07 Jun 5 Tips For Learner Drivers
Whether you’re seventeen or seventy-seven, learning to drive is never an easy task. Being taught how to manoeuvre a vehicle whilst simultaneously taking in the rules of the road can be confusing, and being bombarded with so much information all at once can make things difficult to remember.
There are also the initial nerves of sitting behind the wheel for the very first time, and being under such pressure isn’t exactly conducive to learning. Nevertheless, learning to drive can be an incredibly rewarding experience, and we’ve compiled a list of five tips to help you get ready to take your test and get rid of your L-plates once and for all.
Find a good instructor:
A good instructor should put your mind at ease, be patient, and explain things in a clear and concise manner. If you aren’t happy with your current instructor, don’t be afraid to change.
Practice clutch control:
When you first begin learning to drive, gaining clutch control will undoubtedly give you a confidence boost when it comes to controlling the vehicle. Hill starts are an effective means of learning about clutch control. Ask your instructor to teach you the specifics.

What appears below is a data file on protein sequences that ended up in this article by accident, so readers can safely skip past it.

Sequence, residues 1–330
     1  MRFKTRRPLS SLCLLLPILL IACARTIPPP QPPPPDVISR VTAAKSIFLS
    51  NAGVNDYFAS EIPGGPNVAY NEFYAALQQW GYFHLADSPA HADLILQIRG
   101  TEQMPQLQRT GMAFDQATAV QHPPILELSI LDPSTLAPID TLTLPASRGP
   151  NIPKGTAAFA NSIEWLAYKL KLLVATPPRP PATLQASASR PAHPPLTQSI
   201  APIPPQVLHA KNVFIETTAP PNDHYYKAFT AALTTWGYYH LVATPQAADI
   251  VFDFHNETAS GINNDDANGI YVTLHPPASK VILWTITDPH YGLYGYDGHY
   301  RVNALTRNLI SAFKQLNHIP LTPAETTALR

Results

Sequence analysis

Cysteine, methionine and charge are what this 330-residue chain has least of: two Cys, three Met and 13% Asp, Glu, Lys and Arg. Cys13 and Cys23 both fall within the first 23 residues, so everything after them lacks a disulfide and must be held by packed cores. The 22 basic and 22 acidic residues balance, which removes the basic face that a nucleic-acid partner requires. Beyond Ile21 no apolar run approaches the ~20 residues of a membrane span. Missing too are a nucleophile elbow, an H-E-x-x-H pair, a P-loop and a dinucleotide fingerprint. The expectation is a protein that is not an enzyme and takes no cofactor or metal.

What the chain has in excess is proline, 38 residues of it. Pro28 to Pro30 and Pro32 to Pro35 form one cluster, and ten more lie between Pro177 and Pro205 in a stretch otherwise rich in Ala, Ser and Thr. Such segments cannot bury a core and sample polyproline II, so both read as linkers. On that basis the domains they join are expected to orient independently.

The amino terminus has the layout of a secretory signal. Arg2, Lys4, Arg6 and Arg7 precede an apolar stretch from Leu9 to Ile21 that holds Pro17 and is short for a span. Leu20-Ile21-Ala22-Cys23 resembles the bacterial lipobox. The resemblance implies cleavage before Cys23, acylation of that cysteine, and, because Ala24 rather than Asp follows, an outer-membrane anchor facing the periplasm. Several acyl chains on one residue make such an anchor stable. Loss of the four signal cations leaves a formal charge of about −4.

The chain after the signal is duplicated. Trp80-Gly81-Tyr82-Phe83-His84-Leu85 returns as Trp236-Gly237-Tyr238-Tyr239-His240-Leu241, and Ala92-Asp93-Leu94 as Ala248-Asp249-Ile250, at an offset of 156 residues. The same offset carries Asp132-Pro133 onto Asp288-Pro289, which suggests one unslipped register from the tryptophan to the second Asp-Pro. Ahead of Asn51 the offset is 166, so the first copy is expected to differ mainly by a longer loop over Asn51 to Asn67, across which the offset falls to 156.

Be honest with yourself:
If you aren’t 100% certain about something, be honest and tell your instructor that you’d like to go over it again. It’s pointless spending money on driving lessons only to not gain enough skills, knowledge and confidence to be able to take your test.
Practise with family and friends:
When taking driving lessons, it’s easy to forget what you’d learned the week previously. If you’re confident enough, and have family or friends willing to let you, try practising in their car whilst they sit in with you (provided you are insured to). Not only will this give you more time behind the wheel, it will also accustom you to driving different types of car.
Don’t rush into things:
Try not to feel under pressure to take your test too soon. You might feel like learning to drive is taking a long time or costing too much money, but just remember – it’s a marathon, not a sprint, and taking your test too soon can lead to disappointment. Take things at your own pace.